We will work on your behalf to extract as much information from the listing agent about the seller as possible and use it to your advantage. We will utilize our experience and implement tactful strategies to get the best deal possible for you.
When the seller receives the offer they can either, reject, counter or accept your offer. Successive counter-offers can occur before a final agreement is reached. We will guide you through the process.
6. Turn in your earnest money
Once you have a pending agreement, your earnest money is due within 24-48 hours. Earnest money or deposit is sometimes referred to as “consideration,” meaning that you as the buyer put money on the table to show that you earnestly desire to purchase the property and will take the necessary steps to consummate the transaction.
Earnest money is held either at a title company or in a Real Estate company escrow account until closing. At closing it will be credited towards your down payment.
If you need to cancel the contract prior to closing, you will often receive your earnest money as a refund if you terminate before the contractual deadline. Your realtor will vigilantly notifiy you of the contract deadlines to ensure the protection of your earnest money throughout the transaction process.
7. Secure your financing
Now that you placed the home you want under contract, you need to return to your selected lender and complete your loan application. Since your lender already preapproved your loan, completing your application should remain a fairly straight-forward process. At this point you lock in your interest rate, solidify your closing costs, and determine the estimated amount of money need to bring to the closing.
As the buyer, you hold the right to shop around for the best interest rates and terms for your mortgage. *Buyer beware: Some lenders will quote very low interest rates, but then off-set low interest rate costs behind the scenes ultimately costing the buyer more. If it sounds too good to be true, it probably is. When you compare lenders, make sure you obtain more information than a rate quote. Ask for a Good Faith Estimate, which itemizes all of the terms and loan expenses. When you have Good Faith Estimates from a few different lenders you can accurately compare apples to apples.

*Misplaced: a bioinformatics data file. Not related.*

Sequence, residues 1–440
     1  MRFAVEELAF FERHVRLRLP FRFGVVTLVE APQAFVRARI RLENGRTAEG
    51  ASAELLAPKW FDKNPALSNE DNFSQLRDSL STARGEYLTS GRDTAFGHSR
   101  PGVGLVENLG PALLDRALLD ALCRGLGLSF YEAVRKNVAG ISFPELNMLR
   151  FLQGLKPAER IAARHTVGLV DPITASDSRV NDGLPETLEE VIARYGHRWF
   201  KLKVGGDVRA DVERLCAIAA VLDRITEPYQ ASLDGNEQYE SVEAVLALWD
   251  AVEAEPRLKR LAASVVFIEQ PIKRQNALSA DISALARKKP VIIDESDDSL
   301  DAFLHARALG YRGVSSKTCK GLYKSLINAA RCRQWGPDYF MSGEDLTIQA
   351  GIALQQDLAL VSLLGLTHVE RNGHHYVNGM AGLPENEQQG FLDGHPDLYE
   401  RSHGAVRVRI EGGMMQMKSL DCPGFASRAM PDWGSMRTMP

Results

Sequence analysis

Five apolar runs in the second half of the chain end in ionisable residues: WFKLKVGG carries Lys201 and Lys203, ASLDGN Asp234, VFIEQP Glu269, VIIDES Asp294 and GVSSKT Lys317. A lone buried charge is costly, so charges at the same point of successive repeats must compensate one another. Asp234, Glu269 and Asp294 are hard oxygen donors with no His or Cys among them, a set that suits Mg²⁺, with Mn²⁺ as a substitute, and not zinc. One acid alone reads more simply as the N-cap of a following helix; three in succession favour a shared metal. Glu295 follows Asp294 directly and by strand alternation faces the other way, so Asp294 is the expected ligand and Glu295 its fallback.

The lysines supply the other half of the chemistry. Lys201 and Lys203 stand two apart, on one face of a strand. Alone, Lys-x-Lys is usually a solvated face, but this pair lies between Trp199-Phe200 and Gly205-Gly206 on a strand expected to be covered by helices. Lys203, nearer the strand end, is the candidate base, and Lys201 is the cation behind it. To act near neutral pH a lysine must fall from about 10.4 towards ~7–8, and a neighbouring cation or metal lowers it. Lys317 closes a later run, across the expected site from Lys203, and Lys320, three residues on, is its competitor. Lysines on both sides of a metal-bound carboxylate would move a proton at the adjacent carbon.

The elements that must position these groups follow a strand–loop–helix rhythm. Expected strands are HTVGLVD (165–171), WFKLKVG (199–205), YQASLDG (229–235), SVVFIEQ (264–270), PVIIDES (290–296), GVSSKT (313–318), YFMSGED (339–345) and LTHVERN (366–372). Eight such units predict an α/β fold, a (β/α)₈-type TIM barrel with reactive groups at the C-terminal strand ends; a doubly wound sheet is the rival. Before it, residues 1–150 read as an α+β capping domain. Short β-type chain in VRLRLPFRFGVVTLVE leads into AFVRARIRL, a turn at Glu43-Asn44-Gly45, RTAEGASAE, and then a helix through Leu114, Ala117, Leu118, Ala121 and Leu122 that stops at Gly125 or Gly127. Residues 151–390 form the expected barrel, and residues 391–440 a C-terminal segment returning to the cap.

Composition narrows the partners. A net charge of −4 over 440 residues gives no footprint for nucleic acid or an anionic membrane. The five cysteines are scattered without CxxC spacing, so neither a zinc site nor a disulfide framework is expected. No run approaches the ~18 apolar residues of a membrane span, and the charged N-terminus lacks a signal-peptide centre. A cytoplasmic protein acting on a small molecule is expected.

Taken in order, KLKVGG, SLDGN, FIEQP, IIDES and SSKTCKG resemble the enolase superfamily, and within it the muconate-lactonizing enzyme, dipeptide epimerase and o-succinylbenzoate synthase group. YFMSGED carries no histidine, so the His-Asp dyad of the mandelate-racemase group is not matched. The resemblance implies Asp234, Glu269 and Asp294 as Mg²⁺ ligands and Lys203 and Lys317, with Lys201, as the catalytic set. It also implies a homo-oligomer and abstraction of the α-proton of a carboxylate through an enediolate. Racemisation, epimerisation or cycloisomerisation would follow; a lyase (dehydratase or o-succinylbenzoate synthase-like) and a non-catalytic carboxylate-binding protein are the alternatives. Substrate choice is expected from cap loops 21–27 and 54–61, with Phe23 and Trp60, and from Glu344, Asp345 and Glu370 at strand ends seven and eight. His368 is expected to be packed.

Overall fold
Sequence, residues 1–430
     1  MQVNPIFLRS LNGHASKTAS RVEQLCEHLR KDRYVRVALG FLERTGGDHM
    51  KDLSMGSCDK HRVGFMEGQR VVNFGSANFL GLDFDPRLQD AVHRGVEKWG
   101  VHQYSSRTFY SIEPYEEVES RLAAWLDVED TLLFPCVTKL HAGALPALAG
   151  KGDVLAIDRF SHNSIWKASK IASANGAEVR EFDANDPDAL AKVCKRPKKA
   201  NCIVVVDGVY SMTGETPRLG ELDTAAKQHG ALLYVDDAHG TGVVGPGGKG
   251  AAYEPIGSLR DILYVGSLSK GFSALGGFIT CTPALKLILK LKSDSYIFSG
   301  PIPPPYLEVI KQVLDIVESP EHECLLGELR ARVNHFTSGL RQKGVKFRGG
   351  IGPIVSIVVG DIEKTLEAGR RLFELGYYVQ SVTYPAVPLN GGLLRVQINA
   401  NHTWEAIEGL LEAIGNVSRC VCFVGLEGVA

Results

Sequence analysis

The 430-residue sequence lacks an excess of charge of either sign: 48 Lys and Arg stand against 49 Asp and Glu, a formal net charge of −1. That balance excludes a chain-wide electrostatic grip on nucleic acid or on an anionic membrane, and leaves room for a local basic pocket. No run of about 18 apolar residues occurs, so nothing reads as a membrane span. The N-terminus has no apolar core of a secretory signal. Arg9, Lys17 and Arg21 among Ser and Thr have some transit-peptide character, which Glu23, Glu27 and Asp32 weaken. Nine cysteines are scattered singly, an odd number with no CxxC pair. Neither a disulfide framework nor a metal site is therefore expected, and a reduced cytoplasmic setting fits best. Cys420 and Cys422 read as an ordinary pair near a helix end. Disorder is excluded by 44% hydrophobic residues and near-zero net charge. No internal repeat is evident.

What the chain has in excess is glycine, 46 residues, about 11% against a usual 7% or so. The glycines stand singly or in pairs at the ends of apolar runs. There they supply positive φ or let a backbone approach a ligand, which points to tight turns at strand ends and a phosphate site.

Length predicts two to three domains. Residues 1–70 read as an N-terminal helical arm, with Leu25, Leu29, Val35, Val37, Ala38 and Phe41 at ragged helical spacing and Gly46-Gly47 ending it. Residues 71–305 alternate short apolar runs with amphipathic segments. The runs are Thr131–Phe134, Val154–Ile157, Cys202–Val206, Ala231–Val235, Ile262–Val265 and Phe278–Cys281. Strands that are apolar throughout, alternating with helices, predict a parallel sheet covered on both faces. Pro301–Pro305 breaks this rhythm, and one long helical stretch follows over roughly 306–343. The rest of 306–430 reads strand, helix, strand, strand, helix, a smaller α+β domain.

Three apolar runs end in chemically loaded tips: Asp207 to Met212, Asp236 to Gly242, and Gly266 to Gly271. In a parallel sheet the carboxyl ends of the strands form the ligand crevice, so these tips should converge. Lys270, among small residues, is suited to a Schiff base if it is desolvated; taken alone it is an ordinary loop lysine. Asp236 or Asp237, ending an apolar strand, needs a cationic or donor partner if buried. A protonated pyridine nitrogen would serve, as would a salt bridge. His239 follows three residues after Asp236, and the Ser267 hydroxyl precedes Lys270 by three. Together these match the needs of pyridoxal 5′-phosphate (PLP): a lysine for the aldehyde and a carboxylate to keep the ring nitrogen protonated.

8. Complete your inspections
Buyers can chose from several different types of inspections. Payment for all inspections is due upon completion of the service.
General Inspection – This is the most standard inspection process which buyers generally choose. Costs for General Inspections range from $250 to $500, depending on the square footage of the house and the inspector selected. During the 3-5 hour inspection, they examine the functionality of all major house components of the house, such as the roof, electrical system, plumbing, furnace, hot water heater, windows, appliances, siding, grading/drainage around the house, etc. While inspectors are not structural engineers, they do look for major cracks or significant settling of the foundation. If they find damage that seems to be beyond their scope of knowledge, they will recommend that you hire a licensed structural engineer to further inspect the foundation.
Sewer Scope – The General Inspector will examine plumbing inside of the house only, the scope of their work does not include inspection of the sewerline. You will need to hire a sewer technician who sends a camera down the sewer line to inspect for any major cracks or blockage of the sewer line. Lack of periodic cleaning or extensive tree roots can cause clay sewer lines to crack. Depending on the location of the plumbing damage (under a grassy yard, or under a paved sidewalk) repairs can cost anywhere from $2,000-12,000.
Radon Test – Radon is a gas emitted by the earth and is often found in basements that lack proper ventilation. Radon gas can damage the health of humans and pets. Testing for radon costs between $100 and $150. To get a proper radon reading, the house must remain air tight for the three-day duration of the test. (The front door can be opened and closed quickly to enter and exit the house, but windows should remain closed to prevent air from flowing freely.) If positive test results ensue, installing a system to regulate consistent ventilation can mitigate radon levels. For more details on Radon, click here to view our report.
Depending on the type of house plan to buy, you may ask the seller to make repairs in order to mitigate any possible inspection issues. If you are buying a bank owned foreclosure or a pre foreclosure short sale, don’t bother asking them to make repairs. They won’t. These homes sell AS IS. However, we still recommended that you inspect the property so that you know about any issues before purchasing. If major issues or work beyond your ability to complete arise from the inspections, you can often cancel the contract and receive your earnest money back. However, any cancellation must take place during the inspection period.
9. Appraisal is ordered
Once you agree with the seller on inspection items, you can move forward by ordering the appraisal. Your lender should order the appraisal on your behalf. At closing you will pay for the appraisal along with final closing costs.